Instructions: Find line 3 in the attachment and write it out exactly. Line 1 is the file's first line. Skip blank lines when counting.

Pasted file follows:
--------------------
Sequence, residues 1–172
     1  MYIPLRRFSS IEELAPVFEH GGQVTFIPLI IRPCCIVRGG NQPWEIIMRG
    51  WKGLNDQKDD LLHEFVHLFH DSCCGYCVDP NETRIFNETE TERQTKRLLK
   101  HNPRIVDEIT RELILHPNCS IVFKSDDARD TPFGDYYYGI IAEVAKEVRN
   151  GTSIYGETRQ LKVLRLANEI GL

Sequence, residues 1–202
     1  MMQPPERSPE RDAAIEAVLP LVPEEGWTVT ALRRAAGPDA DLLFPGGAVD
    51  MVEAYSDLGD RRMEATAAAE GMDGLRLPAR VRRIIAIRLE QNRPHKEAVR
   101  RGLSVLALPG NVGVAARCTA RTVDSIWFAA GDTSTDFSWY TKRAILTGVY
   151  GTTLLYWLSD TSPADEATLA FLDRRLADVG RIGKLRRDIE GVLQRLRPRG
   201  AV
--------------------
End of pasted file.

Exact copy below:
    51  WKGLNDQKDD LLHEFVHLFH DSCCGYCVDP NETRIFNETE TERQTKRLLK